10th November 2017, Volume 130 Number 1465

Marta Rychert

With an ambitious goal of eradicating tobacco use by 2025,1 New Zealand is often considered a leader in tobacco control policy.2 The ‘tobacco endgame’ policy and tightening controls on the industry have wide public support.3–5 While a recent study concluded new measures are needed to achieve the goal of eradicating smoking by 2025,6 a society without cigarettes is now becoming a very real possibility.7–9

With the eventual phasing out of cigarettes a looming prospect, the tobacco industry in New Zealand, as elsewhere,10,11 is increasingly turning its attention to alternative nicotine and new tobacco products, including electronic nicotine delivery systems (ENDS) and ‘heat-not-burn’ (HNB) tobacco products. However, the legal status of these products, and the applicability of laws protecting the public from passive smoke, is uncertain.12,13 For example, e-cigarettes (ie, devices that heat liquid propylene glycol to create an inhalable aerosol with nicotine14) have been available in New Zealand since around 2007, despite nicotine being legally classified as a medicine.15 In March 2017, the Government announced that nicotine-containing e-cigarettes will be regulated as consumer products.16 On the other hand, other emerging products, including HNB tobacco are currently prohibited, as the Smoke-free Environments Act 1990 (s 29(2)) bans the importation and sale of tobacco products for oral use other than smoking.17

Despite the ban on new forms of tobacco, Philip Morris International launched its HNB tobacco product IQOS (I-Quit-Ordinary-Smoking) on the New Zealand market in December 2016.18 The IQOS device heats tobacco sticks (called Heets) at 350°C, lower than the combustion point of traditional cigarettes. The product is available in Japan, Canada and many European countries, and marketed as a “lower risk” alternative to cigarettes.19 Independent research on health risks from HNB products compared to traditional cigarettes has not confirmed this claim.13 While some studies indicate that HNB products maybe less harmful than traditional cigarettes,20,21 others established serious health risks linked to HNB use, including exposure to similar levels of many cancer-causing chemicals present in traditional cigarettes.12,22,23 Recent establishment of the Foundation for a Smoke-free World (with nearly one billion USD funding commitment from Philip Morris International)24 illustrates industry efforts to promote alternatives to traditional cigarettes on a global scale.25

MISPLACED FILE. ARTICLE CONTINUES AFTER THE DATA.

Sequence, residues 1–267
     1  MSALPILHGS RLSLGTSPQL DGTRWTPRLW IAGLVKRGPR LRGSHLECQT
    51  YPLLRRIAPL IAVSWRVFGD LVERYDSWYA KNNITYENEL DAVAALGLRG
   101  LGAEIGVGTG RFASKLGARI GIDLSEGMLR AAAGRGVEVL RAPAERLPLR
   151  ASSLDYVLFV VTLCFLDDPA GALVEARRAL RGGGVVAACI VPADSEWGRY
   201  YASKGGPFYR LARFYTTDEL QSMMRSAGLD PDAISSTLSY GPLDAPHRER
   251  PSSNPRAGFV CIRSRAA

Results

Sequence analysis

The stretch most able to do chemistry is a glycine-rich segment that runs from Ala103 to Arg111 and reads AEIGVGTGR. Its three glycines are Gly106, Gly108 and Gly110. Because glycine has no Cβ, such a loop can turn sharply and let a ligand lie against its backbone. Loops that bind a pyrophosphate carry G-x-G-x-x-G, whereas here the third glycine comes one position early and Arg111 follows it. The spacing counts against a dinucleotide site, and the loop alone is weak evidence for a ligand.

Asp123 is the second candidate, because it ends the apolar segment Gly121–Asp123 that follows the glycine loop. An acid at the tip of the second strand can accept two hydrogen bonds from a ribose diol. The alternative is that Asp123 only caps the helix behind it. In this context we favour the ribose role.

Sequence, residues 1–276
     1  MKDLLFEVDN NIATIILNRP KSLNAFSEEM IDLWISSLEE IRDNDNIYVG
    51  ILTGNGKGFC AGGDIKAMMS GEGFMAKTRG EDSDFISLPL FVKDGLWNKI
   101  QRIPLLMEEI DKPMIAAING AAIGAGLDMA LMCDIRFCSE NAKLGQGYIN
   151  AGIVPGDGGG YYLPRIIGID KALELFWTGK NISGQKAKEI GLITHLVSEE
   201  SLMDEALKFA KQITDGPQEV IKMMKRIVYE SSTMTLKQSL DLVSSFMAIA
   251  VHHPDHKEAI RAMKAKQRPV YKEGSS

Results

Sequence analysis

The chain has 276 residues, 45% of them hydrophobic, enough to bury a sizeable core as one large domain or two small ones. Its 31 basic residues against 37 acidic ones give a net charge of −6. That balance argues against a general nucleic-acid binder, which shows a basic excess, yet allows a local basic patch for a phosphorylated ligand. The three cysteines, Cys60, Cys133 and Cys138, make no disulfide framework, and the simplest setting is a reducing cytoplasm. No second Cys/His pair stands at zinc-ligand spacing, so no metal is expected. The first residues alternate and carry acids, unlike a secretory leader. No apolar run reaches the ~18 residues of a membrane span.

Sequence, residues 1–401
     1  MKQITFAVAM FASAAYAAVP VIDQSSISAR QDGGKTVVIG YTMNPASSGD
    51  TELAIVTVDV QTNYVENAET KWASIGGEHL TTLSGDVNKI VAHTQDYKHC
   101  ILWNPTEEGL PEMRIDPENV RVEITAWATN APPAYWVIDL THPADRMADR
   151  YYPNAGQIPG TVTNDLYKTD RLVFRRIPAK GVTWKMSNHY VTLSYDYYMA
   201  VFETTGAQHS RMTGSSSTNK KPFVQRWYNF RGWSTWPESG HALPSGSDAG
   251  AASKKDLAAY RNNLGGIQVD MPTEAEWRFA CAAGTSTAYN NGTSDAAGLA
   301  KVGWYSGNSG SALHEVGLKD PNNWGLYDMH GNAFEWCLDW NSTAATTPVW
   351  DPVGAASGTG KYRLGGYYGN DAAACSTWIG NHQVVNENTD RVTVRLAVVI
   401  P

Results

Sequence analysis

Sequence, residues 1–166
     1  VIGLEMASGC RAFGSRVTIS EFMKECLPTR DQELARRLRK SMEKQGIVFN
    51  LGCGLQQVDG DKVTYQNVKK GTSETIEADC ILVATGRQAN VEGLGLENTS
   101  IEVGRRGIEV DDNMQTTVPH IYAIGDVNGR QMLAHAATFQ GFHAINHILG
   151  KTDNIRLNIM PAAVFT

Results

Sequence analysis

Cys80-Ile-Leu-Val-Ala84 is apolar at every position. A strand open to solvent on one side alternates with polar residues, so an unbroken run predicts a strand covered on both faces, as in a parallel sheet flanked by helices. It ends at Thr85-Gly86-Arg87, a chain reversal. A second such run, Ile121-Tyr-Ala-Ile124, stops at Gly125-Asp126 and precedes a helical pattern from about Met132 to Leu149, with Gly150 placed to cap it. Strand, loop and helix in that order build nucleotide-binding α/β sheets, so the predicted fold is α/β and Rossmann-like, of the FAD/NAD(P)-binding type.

In May 2017, the New Zealand Ministry of Health sued Philip Morris for importing and marketing IQOS on the grounds that it was prohibited under s 29(2) Smoke-free Environments Act 1990.26 The court hearing, initially scheduled in June 2017, was rescheduled for September.27 In the meantime, three meetings between Ministry of Health officials and industry representatives (British American Tobacco, Imperial Tobacco and Philip Morris) were held in quick succession (30 May–2 June) to “discuss regulation of new tobacco and nicotine-delivery products”.28 Subsequently, in August 2017, the government announced their plan to establish a pre-market approval system for smokeless tobacco products such as IQOS.29

The process through which the proposal to regulate HNB tobacco products emerged is alarming. Unlike the earlier proposal to regulate nicotine e-cigarettes, it has not been subject to similar public consultation. Also, the delay in enforcing legislation which currently prohibits sale of HNB products undermines the legitimacy of existing tobacco control laws. Finally, New Zealand is a Party to the Framework Convention on Tobacco Control and under art. 5.3 is legally obliged to protect tobacco control policy from commercial and other vested interests of the industry. While regulation of new nicotine and tobacco products may indeed support achievement of the ‘endgame’ goal (through offering potentially safer alternatives to smoking), major uncertainties remain as to the health risks and normalisation effects. Given that industry survival depends on these technologies, greater transparency is needed in the process of designing regulations for the new products.

Author Information

Marta Rychert, Researcher, SHORE & Whariki Research Centre, College of Health, Massey University; Lecturer, School of Public Health and Psychosocial Studies, Auckland University of Technology, Auckland.

Correspondence

Marta Rychert, Researcher, SHORE & Whariki Research Centre, College of Health, Massey University, Lecturer, School of Public Health and Psychosocial Studies, Auckland University of Technology, Auckland.

Correspondence Email

m.rychert@massey.ac.nz; marta.rychert@aut.ac.nz

Competing Interests

Nil.

References

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